Home News KLEM News for Friday, June 2

KLEM News for Friday, June 2


The Le Mars Police Department and the Plymouth County Sheriff’s Office plan on partnering for enhanced patrols on Monday, June 5. On this date law enforcement officers will be on the look out for speeding drivers, distracted drivers, impaired drivers and drivers not wearing their seat belts.

According to the National Highway Traffic Safety Administration in 2020, there were 10,893 unbuckled passenger vehicle occupants killed in crashes in the United States. In that same year, 58% of crash victims killed at night (6 PM – 5:59 AM) were not wearing their seat belts. In an effort to combat fatality and injury crashes, officers will be exhibiting zero tolerance for drivers who are not buckled, speeding, or driving while distracted or impaired.

In Iowa, the maximum penalty for a seat belt violation is $135.50 (Iowa code 321.445).
It is the goal of Le Mars Police and the Plymouth County Sheriffs Office to decrease injury and fatality accidents in Le Mars and Plymouth County. Please buckle up and drive safe!



Former President Donald Trump says there’s no way he could lose Iowa in 2024. Trump made a campaign swing thrugh the state Thursday. Trump’s appearances come as the G-O-P presidential field is expanding. North Dakota’s governor, former New Jersey Governor Chris Christie and Trump’s own vice president Mike Pence are set to enter the race next week. Trump suggests those polling at one or two percent must know something he doesn’t about the race. Trump is seeking a rematch against President Joe Biden in 2024.



Today marks the annual Free Fishing Weekend in Iowa, and Plymouth County Conservation is planning an event on Sunday.

Victoria De Vos is the Naturalist at Plymouth County Conservation.

An Iowa free fishing weekend event is planned for Sunday June 4, from 2 to 5 pm. at Hillview Recreation Area near Hinton.

De Vos says there are plenty of places to fish in Plymouth County.

Free Fishing weekend allows Iowans to fish without a license for the entire weekend.



Events at the Preserve Iowa Summit began Thursday afternoon at the Warrior Hotel and Orpheum Theatre. Chris Kramer, Director of the Iowa Department of Cultural Affairs, says historic property owners, developers and planners, government officials and anyone with an interest in preservation have gathered for three days of workshops, presentations and an awards ceremony.

This year’s conference theme is “Sioux City Making Tracks”.

Kramer says the conference attendees will be getting out in the community to check out a variety of local landmarks.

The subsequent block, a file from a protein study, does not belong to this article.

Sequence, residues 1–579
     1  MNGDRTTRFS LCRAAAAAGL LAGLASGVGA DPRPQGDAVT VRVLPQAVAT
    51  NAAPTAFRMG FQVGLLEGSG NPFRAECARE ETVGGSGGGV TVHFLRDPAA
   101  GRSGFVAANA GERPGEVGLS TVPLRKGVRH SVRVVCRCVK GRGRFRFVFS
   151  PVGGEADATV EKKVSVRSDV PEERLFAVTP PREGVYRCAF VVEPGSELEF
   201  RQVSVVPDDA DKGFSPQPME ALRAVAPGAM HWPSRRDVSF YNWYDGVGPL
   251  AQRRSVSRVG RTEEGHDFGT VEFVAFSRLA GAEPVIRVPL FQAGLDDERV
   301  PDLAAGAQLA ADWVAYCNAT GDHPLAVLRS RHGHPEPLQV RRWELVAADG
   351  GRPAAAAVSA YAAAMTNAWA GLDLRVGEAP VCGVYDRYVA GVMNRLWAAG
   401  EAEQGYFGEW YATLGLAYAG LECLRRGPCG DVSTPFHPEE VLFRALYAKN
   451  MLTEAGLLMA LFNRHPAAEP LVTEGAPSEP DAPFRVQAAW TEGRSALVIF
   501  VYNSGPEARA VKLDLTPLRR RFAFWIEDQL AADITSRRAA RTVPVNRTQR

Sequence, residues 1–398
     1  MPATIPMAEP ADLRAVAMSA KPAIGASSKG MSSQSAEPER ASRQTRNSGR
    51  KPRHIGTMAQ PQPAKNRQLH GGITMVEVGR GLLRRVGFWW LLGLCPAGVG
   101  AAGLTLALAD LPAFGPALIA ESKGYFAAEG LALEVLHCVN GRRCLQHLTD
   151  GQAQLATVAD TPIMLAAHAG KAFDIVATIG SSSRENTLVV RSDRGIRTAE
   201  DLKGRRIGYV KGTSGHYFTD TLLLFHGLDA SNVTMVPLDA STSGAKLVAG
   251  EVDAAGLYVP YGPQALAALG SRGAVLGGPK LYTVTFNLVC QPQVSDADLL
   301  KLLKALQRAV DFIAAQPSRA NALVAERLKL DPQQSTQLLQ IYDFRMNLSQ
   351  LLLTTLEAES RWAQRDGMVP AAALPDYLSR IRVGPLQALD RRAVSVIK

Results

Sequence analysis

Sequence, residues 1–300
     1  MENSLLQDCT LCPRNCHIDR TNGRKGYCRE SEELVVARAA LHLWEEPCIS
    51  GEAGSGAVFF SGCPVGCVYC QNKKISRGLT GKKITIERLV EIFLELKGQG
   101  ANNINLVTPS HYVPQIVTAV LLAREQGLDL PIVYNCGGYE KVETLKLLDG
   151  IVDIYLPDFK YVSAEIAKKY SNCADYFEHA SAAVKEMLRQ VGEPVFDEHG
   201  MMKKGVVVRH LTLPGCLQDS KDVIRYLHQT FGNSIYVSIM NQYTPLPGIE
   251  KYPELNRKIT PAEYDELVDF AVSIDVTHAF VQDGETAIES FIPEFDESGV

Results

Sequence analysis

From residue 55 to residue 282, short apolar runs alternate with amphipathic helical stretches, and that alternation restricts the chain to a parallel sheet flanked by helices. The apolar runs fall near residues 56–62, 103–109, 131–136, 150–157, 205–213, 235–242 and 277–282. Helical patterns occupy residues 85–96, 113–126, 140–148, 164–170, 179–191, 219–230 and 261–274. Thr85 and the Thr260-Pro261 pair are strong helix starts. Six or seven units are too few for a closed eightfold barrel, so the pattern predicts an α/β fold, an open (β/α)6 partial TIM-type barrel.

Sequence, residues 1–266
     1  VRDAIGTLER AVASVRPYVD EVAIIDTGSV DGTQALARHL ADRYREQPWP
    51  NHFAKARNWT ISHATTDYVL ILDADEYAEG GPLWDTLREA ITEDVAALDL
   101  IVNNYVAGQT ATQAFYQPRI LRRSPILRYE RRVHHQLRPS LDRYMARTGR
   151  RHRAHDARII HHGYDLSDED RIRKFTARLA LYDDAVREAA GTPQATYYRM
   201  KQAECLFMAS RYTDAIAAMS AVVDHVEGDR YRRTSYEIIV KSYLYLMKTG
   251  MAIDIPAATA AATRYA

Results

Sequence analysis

The State Historical Society’s “History on the Move” bus is parked outside of the Sioux City Public Museum during the conference, which runs through Saturday. The bus museum features exhibits ranging from the Lewis and Clark Expedition to a NASA uniform worn by Iowa astronaut Peggy Whitson.



Tyson Foods has notified the South Dakota Department of Labor of the impending layoff of 262 workers.  The layoffs are of employees who have chosen not to relocate to Springdale, Arkansas in the aftermath of Tyson’s decision last October to move their corporate offices at Dakota Dunes and other locations to Springdale.  The final day of work for the Dunes employees is expected to July 31st.  The 262 Dakota Dunes employees will be terminated within 14 days of that date.  The Layoff also affects other workers at Tyson offices in Chicago and Downers Grove, Illinois.



Inflation is keeping prices high on all sorts of goods, and a survey of business leaders in Iowa and eight other Midwestern states finds prices rose nearly six-percent in the past year, but may only rise three-percent in the year ahead. Creighton University economist Ernie Goss says the leading economic indicator for the region grew a modest amount during May compared to April, while Iowa’s figure fell. The survey found many employers in Iowa and the other states continue having trouble finding qualified workers to fill open positions, so they’re retaining workers. Goss says that’s creating another sort of problem — labor hoarding — which is bringing a drop in productivity. Goss says the survey found only about one in six employers reported job gains during the past month, almost the same as during April. He says a couple of industries, in particular, are struggling, including commercial real estate, and banking and finance.



Staffing shortages in Iowa nursing homes remain “alarmingly high” and are almost twice the national average, according to the state director of A-A-R-P Iowa. Brad Anderson says 42-percent of Iowa nursing homes are short-staffed, compared to 22-percent across the country. Anderson says staffing shortages can lead to poor resident care and, in some unfortunate cases, serious neglect. Part of the reason is that pay for direct care workers averages 16-dollars an hour, which he says is too low. The state legislature recently devoted an additional 15-million dollars in Medicaid funding to Iowa nursing homes, money Anderson says needs to be directed toward solving what he calls a “staffing crisis.” Iowa now has 430 nursing homes. Since January of 2022, at least 21 have closed.



The cost to rent an acre of Iowa farmland increased nine percent last year to a record 279 dollars. Iowa State University’s Alejandro Plastina says the strong farm economy with good profitability and high land values pushed the increase.  He says some input costs came down, and the increase in interest rates has not been a factor after several years of good farm income. Plastina says farmers have built up some cash reserves and are not using credit loans, operating loans as much as in other years in in the past. There was considerable variability across counties depending on the quality of the land  — but only Woodbury, Des Moines, Jefferson, Lucas, Muscatine, Van Buren, Wapello, and Warren counties saw declines in their overall average cash rents.